Newman concludes that her “desire (for these objects, for what they represented for my project) had prevented … [her] from seeing that these artefacts were linked by something more obvious: the desire to memorialise experiences and culture” (Newman 157). She calls for using the term ‘archive’ in the pural since what researchers make of the material they encounter is exposed to interpreting skills coming from all sorts of different angles: “There is no single archive because readers will construct their own ‘archive’ from the artefacts they choose to highlight, ignore or pass over” (Newman 155). Hence, our online archive and exhibits are a particular way of storytelling. The Omeka collection is constantly evolving in terms of size and specificity. In the DFG project, we trace gossip as a form of knowledge production and circulation in auto/biographical writing (both published and private) to investigate women’s (individual and communal, secret and shared) strategies in dealing with socio-cultural forces of financial speculation, the re-evaluation of privacy, and new forms of participation in the public sphere. For the Omeka collection, we have focused on actress Charlotte Cushman so far. The collected and digitized material is not limited to documents that explicitly mention gossip. The collection comprises

  • articles and auto/biographies that allude to and shape Cushman’s reputation,
  • letters that address Cushman’s social circles in the United States, England, and Italy,
  • diary entries about Cushman’s work, journeys, relationships,
  • poems dedicated to or written by Cushman,
  • fan letters,
  • scrapbooks.

Hence, the digital collection suggests that a variety of written documents need to be considered for an epistemological analysis of gossip and reputation management. The arrangements and entanglements of documents in exhibits and by tags selects and thereby highlights certain sources. It is important to note that we suspect more material to be hidden in the archival institutions around the world and that large parts of Cushman’s correspondence may be lost or not yet discovered. Our selection of material is based on our research questions and the means available to us.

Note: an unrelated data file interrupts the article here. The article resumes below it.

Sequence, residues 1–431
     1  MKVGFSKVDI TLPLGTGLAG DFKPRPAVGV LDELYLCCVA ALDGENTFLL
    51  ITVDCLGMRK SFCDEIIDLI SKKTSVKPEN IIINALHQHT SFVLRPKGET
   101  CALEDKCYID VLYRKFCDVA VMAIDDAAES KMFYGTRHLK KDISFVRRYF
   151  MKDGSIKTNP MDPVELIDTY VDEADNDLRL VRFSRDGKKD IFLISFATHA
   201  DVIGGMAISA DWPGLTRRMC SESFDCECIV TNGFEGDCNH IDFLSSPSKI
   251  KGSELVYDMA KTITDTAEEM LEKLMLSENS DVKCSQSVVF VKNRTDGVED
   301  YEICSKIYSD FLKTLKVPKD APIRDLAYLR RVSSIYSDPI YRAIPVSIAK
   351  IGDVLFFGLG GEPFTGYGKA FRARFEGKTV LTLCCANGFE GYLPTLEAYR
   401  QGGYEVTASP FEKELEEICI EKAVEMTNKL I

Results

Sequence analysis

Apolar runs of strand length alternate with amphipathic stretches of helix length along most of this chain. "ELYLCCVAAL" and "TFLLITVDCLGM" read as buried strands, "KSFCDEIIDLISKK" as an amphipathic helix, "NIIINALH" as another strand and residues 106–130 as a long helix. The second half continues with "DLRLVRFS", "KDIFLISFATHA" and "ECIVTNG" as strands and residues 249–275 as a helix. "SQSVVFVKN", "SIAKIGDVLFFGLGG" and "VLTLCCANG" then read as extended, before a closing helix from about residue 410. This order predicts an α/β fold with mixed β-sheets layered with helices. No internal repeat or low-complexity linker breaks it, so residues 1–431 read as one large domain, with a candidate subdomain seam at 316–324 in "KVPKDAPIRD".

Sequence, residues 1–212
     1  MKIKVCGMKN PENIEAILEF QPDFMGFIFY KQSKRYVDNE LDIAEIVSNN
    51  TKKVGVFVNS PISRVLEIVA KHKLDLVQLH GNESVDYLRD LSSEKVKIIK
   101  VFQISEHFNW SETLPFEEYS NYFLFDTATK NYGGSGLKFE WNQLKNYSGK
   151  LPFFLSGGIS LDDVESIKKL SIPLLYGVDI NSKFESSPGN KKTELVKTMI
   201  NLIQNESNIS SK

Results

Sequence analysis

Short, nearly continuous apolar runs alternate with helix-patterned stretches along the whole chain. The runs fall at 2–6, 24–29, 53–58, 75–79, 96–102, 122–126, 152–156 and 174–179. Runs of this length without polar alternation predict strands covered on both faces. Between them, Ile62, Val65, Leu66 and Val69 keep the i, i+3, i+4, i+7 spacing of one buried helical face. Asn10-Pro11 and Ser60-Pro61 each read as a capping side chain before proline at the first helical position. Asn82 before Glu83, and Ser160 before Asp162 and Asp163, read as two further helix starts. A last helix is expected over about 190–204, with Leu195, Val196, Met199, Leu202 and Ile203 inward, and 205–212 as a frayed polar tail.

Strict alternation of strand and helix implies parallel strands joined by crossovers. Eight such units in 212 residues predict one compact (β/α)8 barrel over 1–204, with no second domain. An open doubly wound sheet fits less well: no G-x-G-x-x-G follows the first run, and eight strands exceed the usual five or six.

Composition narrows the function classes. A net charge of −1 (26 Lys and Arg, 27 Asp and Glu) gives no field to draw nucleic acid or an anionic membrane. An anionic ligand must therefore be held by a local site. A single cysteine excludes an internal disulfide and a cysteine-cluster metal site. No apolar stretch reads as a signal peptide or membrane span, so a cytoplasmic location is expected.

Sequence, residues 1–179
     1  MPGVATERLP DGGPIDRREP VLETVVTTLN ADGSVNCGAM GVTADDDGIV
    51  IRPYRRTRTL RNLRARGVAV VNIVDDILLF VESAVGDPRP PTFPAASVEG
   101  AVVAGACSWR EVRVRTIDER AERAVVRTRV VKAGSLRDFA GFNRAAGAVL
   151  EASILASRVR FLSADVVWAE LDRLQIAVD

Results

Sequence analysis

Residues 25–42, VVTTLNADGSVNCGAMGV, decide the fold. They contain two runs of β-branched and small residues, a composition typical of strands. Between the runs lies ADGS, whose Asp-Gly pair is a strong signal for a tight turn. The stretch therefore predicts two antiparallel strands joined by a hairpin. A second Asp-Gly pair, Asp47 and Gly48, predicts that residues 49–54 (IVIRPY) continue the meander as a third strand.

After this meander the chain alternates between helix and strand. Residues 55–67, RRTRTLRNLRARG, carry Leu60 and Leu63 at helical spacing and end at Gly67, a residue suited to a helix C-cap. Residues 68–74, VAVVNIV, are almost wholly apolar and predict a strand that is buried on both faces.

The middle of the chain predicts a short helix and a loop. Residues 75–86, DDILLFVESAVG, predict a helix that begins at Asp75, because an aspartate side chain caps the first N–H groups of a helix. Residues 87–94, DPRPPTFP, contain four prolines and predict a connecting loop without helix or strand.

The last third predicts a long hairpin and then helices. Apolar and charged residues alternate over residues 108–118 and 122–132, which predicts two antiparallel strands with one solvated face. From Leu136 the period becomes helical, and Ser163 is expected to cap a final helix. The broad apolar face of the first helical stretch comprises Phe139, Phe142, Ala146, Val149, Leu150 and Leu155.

Making Use of Intimate Knowledge

In “The Intimate Archive,” Dever at el. emphasize that archival researchers who want to make use of intimate accounts are generally confronted with material that is hardly ever self-explanatory and/or explicit:

This means that we have to learn to live with ambiguity, with the details we cannot pin down and even with downright error. These factors inevitably colour our work in a field where the distance between the original producer of a document and the scholarly reader grows daily, tempting us further and further into speculation and inference. But, just as the intimate must not be confused with the confessional, it must also be distinguished from the explicit. While remarkably unguarded outpourings exist (such as Marjorie Barnard’s declaration to Jean Devanny that her lover ‘liked my body very much’ 98), it is important to remain alert to the ways in which documents convey desire, emotion or attachment in other more muted ways.